Veteran Rep. Mervyn M. Dymally (D-Compton) and a former political aide who now serves in the state Legislature are locked in a bitter legal battle for control of the Community Democrat--the oldest and most influential political mailer in Los Angeles County's black community.
Dymally and Assemblyman Willard H. Murray Jr. (D-Paramount) are each claiming in rival court suits that they own and publish the Community Democrat, which is why two versions of the mailer were sent to voters shortly before the Nov. 6 general election.
The Community Democrat is one of those political mailers designed to look like a community tabloid newspaper, as well as an official party publication. Copies flood mailboxes throughout Los Angeles County the week before every election. They feature slates of candidates and ballot propositions in hopes of influencing voters.
The mailer was founded in 1962 and is officially published by a group known as the United Democratic Campaign Committee. Unofficially, the group is the political organization Dymally and other black leaders put together three decades ago to help him and other blacks get elected.
The dispute involving ownership of the mailer has become so intense that sources acquainted with the two politicians say Dymally and his supporters have vowed to destroy Murray's political career.
"They used to be real tight. Now, before Dymally goes to his grave, he will make sure that Willard Murray will no longer be in that (Assembly) seat," said one source, a political consultant who spoke on condition that he not be identified.
Dymally is already looking for a candidate to run against Murray in 1992, the source said. Murray worked on Dymally's staff and was first elected to the Assembly two years ago with the congressman's support. Murray won his second Assembly term in the recent general election.
Dymally referred all inquiries about the fight over the Community Democrat to his lawyer, Nancy Eichler of Studio City.
Murray could not be reached for comment. His lawyer, Reggie Brown of Los Angeles, said: "I'm sure the case will probably go to trial and a judge will eventually decide who has the right to ownership."
As Dymally's aide, Murray took over publication of the mailer several years ago with his boss's blessing. However, the candidates and ballot measures that Murray endorsed in the Community Democrat in recent years disturbed many black political activists.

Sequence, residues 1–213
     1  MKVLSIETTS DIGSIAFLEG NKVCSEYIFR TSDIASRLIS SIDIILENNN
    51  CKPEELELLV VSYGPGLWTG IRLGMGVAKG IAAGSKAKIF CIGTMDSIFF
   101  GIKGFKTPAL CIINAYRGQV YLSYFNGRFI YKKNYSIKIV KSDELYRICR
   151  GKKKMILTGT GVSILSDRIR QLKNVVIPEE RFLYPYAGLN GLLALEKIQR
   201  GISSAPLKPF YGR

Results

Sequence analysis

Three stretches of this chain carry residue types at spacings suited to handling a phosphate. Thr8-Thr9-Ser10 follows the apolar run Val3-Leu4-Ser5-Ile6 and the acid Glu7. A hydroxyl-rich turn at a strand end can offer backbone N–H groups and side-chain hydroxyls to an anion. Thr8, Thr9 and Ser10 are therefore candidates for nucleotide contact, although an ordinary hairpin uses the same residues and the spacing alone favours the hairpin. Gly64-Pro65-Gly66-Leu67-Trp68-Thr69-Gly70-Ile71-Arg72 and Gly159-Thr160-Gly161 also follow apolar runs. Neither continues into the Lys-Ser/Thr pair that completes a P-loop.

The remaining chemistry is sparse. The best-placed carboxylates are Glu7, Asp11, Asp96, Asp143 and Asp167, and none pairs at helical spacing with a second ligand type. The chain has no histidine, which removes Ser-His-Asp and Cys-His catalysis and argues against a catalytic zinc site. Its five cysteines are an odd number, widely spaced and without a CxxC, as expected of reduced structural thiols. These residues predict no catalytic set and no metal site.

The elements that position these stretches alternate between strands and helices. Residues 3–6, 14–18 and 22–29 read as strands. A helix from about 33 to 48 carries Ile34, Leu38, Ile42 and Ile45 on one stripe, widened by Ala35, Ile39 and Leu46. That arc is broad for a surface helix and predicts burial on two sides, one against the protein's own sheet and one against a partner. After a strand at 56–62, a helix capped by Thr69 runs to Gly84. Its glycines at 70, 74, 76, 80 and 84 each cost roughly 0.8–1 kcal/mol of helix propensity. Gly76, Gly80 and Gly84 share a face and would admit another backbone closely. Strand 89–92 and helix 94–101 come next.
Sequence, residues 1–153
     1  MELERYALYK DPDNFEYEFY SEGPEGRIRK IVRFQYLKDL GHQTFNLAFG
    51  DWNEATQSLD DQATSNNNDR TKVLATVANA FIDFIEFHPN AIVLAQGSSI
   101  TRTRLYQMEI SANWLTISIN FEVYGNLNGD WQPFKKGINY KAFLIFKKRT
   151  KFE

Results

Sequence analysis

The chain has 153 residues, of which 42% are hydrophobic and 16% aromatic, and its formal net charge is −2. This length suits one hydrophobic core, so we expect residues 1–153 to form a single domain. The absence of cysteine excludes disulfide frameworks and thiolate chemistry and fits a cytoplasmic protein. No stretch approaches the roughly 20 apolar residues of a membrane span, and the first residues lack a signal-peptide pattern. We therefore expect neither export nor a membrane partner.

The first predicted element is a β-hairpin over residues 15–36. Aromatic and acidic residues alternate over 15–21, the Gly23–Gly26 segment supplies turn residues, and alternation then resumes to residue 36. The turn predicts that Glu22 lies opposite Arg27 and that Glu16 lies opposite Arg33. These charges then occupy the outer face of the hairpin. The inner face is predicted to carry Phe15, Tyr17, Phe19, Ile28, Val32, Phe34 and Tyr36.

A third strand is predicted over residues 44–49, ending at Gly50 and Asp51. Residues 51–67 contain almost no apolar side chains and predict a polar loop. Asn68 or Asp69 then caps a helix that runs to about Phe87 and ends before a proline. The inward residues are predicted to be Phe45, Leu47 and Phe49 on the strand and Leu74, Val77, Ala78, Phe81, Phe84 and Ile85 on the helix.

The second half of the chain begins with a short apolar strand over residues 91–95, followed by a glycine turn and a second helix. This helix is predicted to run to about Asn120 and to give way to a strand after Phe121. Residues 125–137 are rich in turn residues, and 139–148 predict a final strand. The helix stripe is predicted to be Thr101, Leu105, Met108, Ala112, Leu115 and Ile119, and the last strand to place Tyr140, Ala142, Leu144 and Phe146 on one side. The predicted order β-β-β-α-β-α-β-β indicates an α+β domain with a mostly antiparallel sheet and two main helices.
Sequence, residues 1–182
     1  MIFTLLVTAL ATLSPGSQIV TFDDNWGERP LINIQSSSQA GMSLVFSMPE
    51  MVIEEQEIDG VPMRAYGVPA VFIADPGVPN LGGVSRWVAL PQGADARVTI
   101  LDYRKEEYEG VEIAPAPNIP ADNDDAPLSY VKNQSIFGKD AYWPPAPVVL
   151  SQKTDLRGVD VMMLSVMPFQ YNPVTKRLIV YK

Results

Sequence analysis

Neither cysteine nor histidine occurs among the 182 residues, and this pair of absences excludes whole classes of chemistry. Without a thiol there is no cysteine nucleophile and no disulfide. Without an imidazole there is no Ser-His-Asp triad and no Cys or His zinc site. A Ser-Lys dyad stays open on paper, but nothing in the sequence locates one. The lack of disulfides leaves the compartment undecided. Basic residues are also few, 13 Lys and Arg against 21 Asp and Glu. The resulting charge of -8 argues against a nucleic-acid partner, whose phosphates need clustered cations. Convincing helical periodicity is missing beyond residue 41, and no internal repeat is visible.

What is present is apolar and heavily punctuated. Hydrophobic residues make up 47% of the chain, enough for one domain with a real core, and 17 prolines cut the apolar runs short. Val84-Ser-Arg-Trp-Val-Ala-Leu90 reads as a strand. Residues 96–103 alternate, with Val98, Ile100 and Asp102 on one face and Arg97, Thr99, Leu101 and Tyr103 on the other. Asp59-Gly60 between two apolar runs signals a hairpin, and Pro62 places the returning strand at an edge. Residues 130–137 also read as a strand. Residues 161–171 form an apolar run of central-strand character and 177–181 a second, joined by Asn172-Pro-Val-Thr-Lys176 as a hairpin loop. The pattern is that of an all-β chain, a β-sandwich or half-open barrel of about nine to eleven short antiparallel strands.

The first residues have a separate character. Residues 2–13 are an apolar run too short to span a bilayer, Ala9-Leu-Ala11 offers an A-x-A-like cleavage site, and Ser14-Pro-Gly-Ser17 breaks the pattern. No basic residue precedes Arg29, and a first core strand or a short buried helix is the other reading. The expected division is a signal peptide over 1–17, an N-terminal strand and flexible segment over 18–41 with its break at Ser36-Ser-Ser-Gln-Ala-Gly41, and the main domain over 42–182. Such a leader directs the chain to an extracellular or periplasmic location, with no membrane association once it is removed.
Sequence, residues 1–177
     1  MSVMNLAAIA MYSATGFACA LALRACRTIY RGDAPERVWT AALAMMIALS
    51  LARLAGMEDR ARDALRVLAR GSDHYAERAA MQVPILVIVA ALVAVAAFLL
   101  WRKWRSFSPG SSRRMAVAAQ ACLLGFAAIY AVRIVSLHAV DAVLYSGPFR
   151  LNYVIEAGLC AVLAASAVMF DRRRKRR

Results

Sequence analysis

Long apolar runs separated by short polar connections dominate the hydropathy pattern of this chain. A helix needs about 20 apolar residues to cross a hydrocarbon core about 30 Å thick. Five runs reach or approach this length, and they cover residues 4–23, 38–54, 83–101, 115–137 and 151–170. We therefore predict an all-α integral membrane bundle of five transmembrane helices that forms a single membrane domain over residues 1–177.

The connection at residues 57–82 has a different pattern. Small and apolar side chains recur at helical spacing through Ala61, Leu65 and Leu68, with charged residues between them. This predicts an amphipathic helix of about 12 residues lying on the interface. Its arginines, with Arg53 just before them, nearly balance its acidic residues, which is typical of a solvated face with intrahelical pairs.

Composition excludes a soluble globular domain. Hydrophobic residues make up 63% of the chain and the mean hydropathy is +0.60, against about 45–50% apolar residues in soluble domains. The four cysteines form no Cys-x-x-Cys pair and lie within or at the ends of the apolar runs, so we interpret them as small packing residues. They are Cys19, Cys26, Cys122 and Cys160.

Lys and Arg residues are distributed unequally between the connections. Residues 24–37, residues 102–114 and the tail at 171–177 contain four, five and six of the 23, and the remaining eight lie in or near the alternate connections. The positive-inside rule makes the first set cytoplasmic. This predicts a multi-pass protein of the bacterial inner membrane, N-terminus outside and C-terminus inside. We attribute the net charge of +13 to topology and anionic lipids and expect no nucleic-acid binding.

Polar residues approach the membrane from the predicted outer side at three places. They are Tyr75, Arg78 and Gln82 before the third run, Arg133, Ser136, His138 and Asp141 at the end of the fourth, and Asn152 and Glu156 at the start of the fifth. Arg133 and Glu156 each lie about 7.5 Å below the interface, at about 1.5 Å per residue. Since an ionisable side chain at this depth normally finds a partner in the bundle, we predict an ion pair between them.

Two years ago, for example, Murray and the Community Democrat sided with the tobacco interests, using the mailer to fight a state ballot proposition that called for new taxes on cigarettes.
Other activists were angry that Murray had turned the Community Democrat into a personal, profit-making business. The publishers of the mailers commonly charge candidates money for the privilege of being endorsed. The same is true for propositions.
The furor between Dymally and Murray was ignited this spring when the Community Democrat supported Dist. Atty. Ira Reiner over Arlo Smith in the Democratic primary for state attorney general.
Dymally and other black leaders were heavily supporting Smith. Murray promised Dymally that the Community Democrat would feature Smith on its slate of candidates, according to two sources, one an elected official, the other a political consultant. However, when it arrived in mailboxes shortly before the June primary, Reiner's name was on the slate.
An angry Dymally went to court within days of the election, arguing that he had the only valid claim to publish a mailer called the Community Democrat and that Murray had "perverted" the ideals embodied in it by "supporting candidates for profit instead of idealism."
Furthermore, when he first met Murray in 1960, Murray was a Republican supporting Richard M. Nixon for President, Dymally charged in his court documents.
Murray filed a countersuit, claiming that he has been publishing and distributing the Community Democrat since its founding and that he ought to be paid more than $300,000 for the damage Dymally's allegations did to his reputation. He asked the court to keep Dymally and his supporters from publishing a mailer called the Community Democrat.
In October, a Superior Court judge ruled that Murray had not produced enough evidence to support his claim that he was the rightful owner and publisher and refused to issue an injunction blocking Dymally's group from publishing the Community Democrat.
Dymally assumed the case was settled, his lawyer said, so he and his backers went to press with their Community Democrat.
Murray, however, published a slate mailer called the Community Democrat, too. Now Dymally is going back to court in an effort to force Murray from ever publishing a mailer called the Community Democrat, said Dymally lawyer Eichler. Eichler said she expects to return to court in about two weeks.